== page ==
- No candidate has a majority of 1st choice votes. So, the RCV method kicks in. (If a candidate actually had more than 50% of the 1st choice votes, they would already win outright, just like under Plurality Voting.)
- The method identifies the candidate with the fewest 1st choice votes and eliminates them from the running. In this example, Thai has the fewest with only 2 votes.
- In the next round of the process, all the ballots are effectively rewritten with “T” crossed out, as if Thai food had never been an option in the first place. That’s what you see in the table below, the first and last columns have changed. The three voters in the first column no longer have “T” as their 2nd choice, and the two voters in the far right column now have “P” as their 1st choice. This is the crux of the RCV method: for any of the voters who listed that “losing candidate” as their top choice, their voting power is automatically transferred down to their backup choice!
|# of voters||3||1||2||1||2|
- The same process happens again: look at the 1st choice votes and see if anyone has a majority. In this case, we find 3+1=4 votes for Indian food and 2+1+2=5 votes for Pizza. Because 5/9 is a majority (more than half, about 55.5%), Pizza is declared the winner.
Perhaps it would be helpful to imagine how this might happen in reality with your group of friends. You might not do something so formal as gathering ranked ballots. You would probably just ask everyone outright: What do you want to order for dinner? But then, perhaps you would notice that no choice was a majority favorite. So, you’d talk to the two friends who voted for Thai and say, “Hey, Thai isn’t going to win, sorry. What do you want instead?” Each friend would then provide their backup choice (or say, “y’all decide”) and you would use those to decide a winner.
Another Example: Applying the RCV Method
Let’s see another example to practice applying and understanding this voting method. I have also set up this example to illustrate a few features of the system, and I will use those ideas to rebut a few common arguments against adopting RCV:
- Voters can express more nuanced preferences than are possible under Plurality Voting. They can rank anywhere from one to all of the candidates, and this allows the system to factor in their opinions in ways that Plurality Voting simply cannot do.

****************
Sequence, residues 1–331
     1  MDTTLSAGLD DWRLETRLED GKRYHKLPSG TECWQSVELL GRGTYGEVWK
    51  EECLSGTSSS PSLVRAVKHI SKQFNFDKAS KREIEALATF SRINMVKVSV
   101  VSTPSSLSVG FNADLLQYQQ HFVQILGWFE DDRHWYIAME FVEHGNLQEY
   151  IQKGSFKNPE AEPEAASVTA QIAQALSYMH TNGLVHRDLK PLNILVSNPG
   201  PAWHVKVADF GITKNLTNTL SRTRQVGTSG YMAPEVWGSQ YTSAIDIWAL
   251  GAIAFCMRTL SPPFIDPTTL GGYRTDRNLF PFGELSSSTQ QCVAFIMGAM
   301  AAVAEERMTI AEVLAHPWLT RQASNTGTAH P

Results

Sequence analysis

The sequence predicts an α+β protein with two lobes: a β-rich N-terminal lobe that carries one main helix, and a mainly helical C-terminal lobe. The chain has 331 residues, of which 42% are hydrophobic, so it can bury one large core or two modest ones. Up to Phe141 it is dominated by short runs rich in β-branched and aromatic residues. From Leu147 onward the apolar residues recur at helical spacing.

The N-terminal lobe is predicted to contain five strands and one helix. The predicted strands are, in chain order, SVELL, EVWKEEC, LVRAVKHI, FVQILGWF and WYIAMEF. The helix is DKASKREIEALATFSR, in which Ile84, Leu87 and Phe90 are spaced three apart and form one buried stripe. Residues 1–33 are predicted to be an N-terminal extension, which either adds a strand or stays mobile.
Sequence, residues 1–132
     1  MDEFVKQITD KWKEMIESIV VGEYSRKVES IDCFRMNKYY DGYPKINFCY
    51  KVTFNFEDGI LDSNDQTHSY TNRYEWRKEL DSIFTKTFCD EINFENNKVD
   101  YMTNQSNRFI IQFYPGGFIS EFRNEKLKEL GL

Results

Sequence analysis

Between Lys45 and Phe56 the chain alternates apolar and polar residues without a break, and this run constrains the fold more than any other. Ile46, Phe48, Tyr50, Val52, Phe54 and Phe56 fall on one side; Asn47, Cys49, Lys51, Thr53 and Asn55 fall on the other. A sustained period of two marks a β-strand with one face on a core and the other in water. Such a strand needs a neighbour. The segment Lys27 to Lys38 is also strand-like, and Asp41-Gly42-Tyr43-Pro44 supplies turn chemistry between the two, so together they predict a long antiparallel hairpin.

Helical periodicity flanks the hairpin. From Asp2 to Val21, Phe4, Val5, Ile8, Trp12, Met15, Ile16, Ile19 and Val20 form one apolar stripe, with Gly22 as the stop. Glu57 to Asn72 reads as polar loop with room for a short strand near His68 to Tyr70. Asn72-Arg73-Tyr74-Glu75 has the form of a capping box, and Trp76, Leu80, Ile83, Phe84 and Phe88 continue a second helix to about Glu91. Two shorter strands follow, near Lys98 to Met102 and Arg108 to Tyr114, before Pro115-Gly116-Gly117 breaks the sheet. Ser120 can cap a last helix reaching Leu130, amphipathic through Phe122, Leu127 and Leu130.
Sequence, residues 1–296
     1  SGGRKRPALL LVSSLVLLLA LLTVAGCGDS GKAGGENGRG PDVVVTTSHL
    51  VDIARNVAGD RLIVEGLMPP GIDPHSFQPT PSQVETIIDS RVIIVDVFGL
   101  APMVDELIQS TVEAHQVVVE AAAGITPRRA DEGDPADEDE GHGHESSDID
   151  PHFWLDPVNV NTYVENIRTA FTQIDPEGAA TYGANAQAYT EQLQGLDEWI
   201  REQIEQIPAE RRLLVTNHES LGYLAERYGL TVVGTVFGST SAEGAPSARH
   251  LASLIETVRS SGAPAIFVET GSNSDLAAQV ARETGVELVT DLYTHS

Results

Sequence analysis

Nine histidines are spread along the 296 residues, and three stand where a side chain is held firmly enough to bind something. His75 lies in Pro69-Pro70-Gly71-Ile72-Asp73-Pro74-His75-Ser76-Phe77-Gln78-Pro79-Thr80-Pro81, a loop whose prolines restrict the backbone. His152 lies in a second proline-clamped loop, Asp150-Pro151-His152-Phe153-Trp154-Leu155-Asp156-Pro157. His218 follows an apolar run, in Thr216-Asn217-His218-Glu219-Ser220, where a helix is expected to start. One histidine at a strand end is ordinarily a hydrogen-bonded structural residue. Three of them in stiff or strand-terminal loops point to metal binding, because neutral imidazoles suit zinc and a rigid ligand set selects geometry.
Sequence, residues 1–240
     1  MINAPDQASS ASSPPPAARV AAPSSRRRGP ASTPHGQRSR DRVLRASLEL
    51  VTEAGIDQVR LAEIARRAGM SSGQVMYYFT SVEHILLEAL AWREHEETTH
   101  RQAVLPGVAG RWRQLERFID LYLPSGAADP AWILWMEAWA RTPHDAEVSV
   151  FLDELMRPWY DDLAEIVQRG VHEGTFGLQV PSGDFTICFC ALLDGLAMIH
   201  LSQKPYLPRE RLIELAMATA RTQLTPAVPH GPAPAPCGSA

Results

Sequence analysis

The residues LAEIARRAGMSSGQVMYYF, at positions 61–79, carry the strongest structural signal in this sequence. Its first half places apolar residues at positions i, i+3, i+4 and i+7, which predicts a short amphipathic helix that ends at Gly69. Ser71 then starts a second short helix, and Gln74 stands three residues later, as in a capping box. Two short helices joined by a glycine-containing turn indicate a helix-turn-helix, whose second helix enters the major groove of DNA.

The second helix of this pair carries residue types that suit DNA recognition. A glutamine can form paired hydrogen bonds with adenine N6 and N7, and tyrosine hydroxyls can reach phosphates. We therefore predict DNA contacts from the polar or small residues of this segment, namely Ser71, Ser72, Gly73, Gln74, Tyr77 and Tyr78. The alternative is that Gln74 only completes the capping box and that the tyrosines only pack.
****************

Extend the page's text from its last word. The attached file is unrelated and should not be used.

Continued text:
- Although ballots may get “used up” if a voter doesn’t rank all the candidates, this is a feature of the system and not a problem. (In other words, nobody’s vote is “worth more/less” than anyone else’s under RCV.)
- It is possible for the leading candidate in the first round to be the eventual winner, too.
The table below shows the ballots for an election with 18 voters (add the numbers in the top row) and 4 candidates (uncreatively named A, B, C, and D). This time, I have added a dash (-) to indicate a blank spot where a voter did not rank all the candidates.
|# of voters||6||4||2||2||1||2||1|
The far right column shows there is one voter who really wants D to win and does not care about any of the other candidates. They’re effectively saying, “If I can’t have D, then I have no strong preferences among the others; y’all decide for me.” Similarly, the two voters that ranked C 1st and D 2nd are saying, “We really want C; if we can’t have that, then we want D; but we have no opinions about A and B.” This is one benefit of the RCV system: voters can express nuanced preferences.
Let’s apply the RCV method to identify the winner. Just like before, we will conduct several rounds of voting using the original ballots. No need for voters to literally go out and vote again; we’ll use the rankings they provided.
- Check the 1st choice votes: A gets 6, B gets 4, C gets 2+2+1=5, and D gets 2+1=3. Notice that A has the most, but 6/18 is only 1/3, not a majority. So, the RCV method kicks in and eliminates the last place candidate, which is D in this example.
- Below are the ballots rewritten with candidate D gone and the changes highlighted. Two of the voters who ranked D first now have their voting power transferred down to their backup choice of candidate B. But one voter only ranked D on their ballot. So is their voting power “gone”? Only for the purposes of the rest of the calculations! That voter still had their voice counted in this election. It’s just that they chose to use their voice to say, “I want only candidate D,” and that candidate did not garner enough support from other voters.